The “Standard of Ur” is a small trapezoidal box (8.5 Inches high by 19.5 Inches long) whose two sides and end panels are covered with figurative and geometric mosaics made of pieces of shell, lapis lazuli, and red limestone set into bitumen. It was found in PG779 near a soldier whom Woolley thought had carried it on a long pole as the royal emblem of a king. Although it is more likely to have been the sound box for a musical instrument, the name Woolley gave it—“the Standard”—is still used.
The Standard of Ur is at the British Museum.
The mosaics on the Standard depict life in early Mesopotamia. The two sides, dubbed the “War Side” and the “Peace Side,” tell a story read from bottom to top. The top register on each side depicts a king, who is larger in scale than the other figures. The Standard shows the two most important roles of an early Mesopotamian ruler: the warrior who protected the people and secured access to water and natural resources and the leader who served as an intermediary between the people and the gods.
The Standard of Ur in War
The Standard’s War side shows the defeat of some unknown enemy. At the bottom, war carts, drawn by onagers (donkeys), race with increasing speed from left to right, trampling naked enemy soldiers. The second register shows a phalanx of armed soldiers to the left, while on the right soldiers in a variety of poses dispatch some captives and lead others away. The top register shows the ruler, his height exceeding the border of the field, facing right. Behind him, his cart is drawn by four onagers alongside his attendants. In front of him, soldiers parade nude and bound prisoners.
By the 3rd millennium BCE, southern Mesopotamia was organized into 20-30 city-states, consisting of urban centers, towns, villages, and hamlets. Each city-state had its principle guardian deity. Ur’s patron was Nanna, the moon god. Officially, the city-state was the deity’s property. These deities chose and nurtured the city-state’s ruler, whose title varied from place to place. Lugal, literally, “big man,” was one title. For their part, city-state rulers acted on the deity’s behalf, even on the battlefield. Though sources provide evidence of peaceful cooperation among city-states, they equally record conflicts, both local disputes and more wide-ranging conquests. A long simmering dispute over the border between Lagash and Umma and involving access to water is the best documented interstate conflict. The Standard of Ur and other royal monuments provide graphic illustrations of these battles and their aftermaths.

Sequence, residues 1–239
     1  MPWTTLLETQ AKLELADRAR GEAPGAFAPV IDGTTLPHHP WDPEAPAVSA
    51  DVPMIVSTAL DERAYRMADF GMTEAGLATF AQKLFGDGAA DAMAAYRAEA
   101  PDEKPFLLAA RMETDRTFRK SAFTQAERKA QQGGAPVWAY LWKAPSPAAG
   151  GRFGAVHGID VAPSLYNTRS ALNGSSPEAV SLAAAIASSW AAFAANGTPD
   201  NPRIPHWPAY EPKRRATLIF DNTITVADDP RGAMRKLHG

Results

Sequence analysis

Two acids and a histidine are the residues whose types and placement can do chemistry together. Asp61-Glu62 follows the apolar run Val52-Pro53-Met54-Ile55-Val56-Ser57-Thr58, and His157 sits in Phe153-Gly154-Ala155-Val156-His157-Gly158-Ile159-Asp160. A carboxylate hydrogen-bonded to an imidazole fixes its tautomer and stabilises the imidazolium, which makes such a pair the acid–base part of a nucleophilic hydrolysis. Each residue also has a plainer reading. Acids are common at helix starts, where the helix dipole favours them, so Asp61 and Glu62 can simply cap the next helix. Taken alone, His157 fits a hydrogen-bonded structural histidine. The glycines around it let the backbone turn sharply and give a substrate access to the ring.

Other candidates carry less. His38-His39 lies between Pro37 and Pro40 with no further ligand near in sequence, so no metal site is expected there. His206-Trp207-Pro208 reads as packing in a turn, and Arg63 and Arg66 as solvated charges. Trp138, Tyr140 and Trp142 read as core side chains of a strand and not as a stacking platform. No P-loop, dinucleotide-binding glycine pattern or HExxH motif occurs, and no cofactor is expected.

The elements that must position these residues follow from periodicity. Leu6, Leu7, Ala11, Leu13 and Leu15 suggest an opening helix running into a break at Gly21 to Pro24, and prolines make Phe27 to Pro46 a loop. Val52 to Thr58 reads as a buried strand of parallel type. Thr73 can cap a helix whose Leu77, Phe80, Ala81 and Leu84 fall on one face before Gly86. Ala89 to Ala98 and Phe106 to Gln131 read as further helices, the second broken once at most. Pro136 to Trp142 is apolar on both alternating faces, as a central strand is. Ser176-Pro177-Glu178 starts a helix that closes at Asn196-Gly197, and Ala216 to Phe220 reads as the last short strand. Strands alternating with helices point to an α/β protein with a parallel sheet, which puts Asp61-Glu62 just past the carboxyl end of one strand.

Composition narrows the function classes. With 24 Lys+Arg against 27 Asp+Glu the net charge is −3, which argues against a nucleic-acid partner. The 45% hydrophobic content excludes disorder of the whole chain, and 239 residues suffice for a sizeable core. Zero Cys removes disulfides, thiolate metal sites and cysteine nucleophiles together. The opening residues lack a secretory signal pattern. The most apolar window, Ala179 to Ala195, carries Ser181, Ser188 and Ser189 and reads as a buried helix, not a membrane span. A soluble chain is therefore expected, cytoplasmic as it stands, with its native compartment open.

The Standard of Ur in Peace
The Standard’s Peace side has a completely different theme from the War side. Its two lower registers illustrate the bounty of the land. The bottom one depicts men carrying produce in bags on their shoulders and in backpacks supported by headbands, as well as men leading onagers by ropes. The second register shows men leading bulls and caprids (sheep and goats) and carrying fish, presumably the produce of the pastures, rivers, and swamps. The upper register depicts a royal banquet. The ruler, wearing a kilt composed of tufts of wool, is shown larger in scale than the others—the center of attention. The other banqueters, who wear plain-fringed kilts, face him and raise their cups together while attendants provide food and drink. Banqueting in early Mesopotamia usually involved music. A lyre player and a singer, distinguished by their long black hair, stand to the right of the scene.
In addition to being a warrior, the city-state’s ruler was an intermediary between the gods and the people. One of his major responsibilities was to build and maintain the temples of the city’s gods and goddesses, a responsibility that included provisioning their cults. In doing so he guaranteed the fertility of the land, which the Standard’s Peace side so vividly illustrates.